Opera To Resell Flash Player 7 SDK
Opera Software said yesterday it is adding support for Adobe’s Macromedia Flash Player 7 SDK in Opera for Devices SDK.
Flash Player SDK is the version of Flash Player developed for consumer electronics devices. The new functionality allows people who use Opera on portable media players, HDTVs, set-top boxes or game consoles use Flash 7 on those devices.
The Oslo, Norway-based company says adding support for Flash on consumer electronics provides a “desktop-like” browsing.
“Flash is an important rich content format on the Web, and in order for the browsing experience on a device to be as natural as possible, it is essential for Opera to support Flash,” says Scott Hedrick, Executive Vice President, Opera.
Previously, products like the Nokia 770 featured the Opera browser with Flash plug-in.. Adobe vice president of product managing and marketing Gary Kovacs called the agreement “an integral part” of building Web browsing experiences as more Flash-based content floods the Internet, and more people use devices other than traditional computers.
“Consumer electronics manufacturers are embracing Flash technology because of the rich user experience it can bring across devices,” said Kovacs.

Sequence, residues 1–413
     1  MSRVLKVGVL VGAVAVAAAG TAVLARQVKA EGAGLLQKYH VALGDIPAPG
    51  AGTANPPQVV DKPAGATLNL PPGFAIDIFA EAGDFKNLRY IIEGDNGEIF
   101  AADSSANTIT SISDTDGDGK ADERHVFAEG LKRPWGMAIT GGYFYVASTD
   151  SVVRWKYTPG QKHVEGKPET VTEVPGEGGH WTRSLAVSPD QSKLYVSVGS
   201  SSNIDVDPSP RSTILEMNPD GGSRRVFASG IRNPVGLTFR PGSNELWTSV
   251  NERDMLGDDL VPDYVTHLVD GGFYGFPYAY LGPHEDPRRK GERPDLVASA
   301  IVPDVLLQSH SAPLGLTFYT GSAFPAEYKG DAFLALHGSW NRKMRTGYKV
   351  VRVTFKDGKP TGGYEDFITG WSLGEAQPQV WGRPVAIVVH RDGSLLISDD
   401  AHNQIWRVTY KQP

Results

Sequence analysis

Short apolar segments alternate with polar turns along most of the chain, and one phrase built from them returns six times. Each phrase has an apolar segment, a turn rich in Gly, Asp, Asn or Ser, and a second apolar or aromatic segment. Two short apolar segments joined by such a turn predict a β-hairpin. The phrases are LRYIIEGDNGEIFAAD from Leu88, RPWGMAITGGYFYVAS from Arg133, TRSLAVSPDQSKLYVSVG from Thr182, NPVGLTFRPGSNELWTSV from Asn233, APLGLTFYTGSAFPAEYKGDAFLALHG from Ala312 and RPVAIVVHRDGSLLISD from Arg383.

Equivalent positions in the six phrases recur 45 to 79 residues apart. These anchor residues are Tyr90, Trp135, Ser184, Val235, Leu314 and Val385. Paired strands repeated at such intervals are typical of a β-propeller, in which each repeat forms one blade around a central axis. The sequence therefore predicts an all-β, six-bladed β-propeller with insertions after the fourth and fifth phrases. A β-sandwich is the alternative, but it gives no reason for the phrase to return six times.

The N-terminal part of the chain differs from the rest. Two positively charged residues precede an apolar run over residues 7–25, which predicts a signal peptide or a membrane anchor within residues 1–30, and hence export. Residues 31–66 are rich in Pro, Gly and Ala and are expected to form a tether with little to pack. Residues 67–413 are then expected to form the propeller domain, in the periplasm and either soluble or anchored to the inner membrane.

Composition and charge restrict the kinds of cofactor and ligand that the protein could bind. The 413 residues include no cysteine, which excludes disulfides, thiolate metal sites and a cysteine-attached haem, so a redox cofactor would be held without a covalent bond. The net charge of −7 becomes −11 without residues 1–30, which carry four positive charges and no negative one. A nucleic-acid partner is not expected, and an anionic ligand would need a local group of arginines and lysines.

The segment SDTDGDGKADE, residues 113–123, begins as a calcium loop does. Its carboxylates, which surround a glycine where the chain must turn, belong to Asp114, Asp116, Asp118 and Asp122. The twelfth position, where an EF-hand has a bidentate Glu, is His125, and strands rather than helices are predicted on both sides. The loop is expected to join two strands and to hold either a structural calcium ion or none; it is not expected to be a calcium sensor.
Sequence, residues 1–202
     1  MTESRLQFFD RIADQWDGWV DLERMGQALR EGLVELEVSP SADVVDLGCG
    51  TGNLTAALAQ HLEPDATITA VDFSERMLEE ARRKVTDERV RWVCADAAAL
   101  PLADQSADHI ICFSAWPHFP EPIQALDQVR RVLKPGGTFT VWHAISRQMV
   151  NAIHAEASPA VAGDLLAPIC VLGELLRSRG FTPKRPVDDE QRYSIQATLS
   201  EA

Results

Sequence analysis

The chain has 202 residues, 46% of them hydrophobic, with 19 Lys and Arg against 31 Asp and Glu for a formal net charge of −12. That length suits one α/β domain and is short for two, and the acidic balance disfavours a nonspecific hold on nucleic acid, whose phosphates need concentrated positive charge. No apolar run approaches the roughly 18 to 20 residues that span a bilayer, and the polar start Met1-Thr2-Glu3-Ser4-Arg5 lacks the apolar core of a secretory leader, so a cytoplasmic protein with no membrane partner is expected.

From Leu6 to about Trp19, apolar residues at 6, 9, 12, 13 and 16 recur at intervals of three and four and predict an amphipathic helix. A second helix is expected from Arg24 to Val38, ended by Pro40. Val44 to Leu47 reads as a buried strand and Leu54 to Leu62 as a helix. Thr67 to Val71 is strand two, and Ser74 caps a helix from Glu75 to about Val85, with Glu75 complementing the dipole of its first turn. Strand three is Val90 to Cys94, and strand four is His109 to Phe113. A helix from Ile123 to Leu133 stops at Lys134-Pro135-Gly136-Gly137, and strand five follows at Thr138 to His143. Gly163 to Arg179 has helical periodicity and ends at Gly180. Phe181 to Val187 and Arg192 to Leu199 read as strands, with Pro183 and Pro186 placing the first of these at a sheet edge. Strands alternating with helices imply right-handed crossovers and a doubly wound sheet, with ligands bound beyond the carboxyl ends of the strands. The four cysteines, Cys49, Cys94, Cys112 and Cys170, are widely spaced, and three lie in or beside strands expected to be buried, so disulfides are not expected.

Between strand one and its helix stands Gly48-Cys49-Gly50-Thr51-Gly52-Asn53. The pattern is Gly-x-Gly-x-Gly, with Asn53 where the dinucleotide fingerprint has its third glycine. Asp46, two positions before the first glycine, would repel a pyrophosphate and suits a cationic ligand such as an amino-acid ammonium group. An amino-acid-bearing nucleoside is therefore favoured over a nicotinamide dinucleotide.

The company says the Opera for Devices commercial evaluation kit for products can be requested at their website. The Flash Player 7 SDK is available by request only.
Adobe’s been busy recently swinging deals around its Flash Player clients. Last month, Adobe announced an agreement with Viacom, which owns cable networks MTV and Comedy Central, to develop and deliver Web and mobile content via the company’s Engagement Platform. Adobe’s Reader and Flash products are present on over 600 million PCs and devices, the company says,.
Viacom will incorporate Flash video as to push interactive content to mobile phone handsets via FlashCast channels from MTV, Comedy Central, Spike TV and Nickelodeon.
Adobe is currently celebrating the tenth anniversary of the release of the first Flash software. The Flash concept was born, says the company, of “the notion that drawing on a computer could be as easy and expressive as drawing on paper.” Ten years later, the technology is used to serve up armies of videos. In YouTube’s case, that translates to 100 million online videos per day.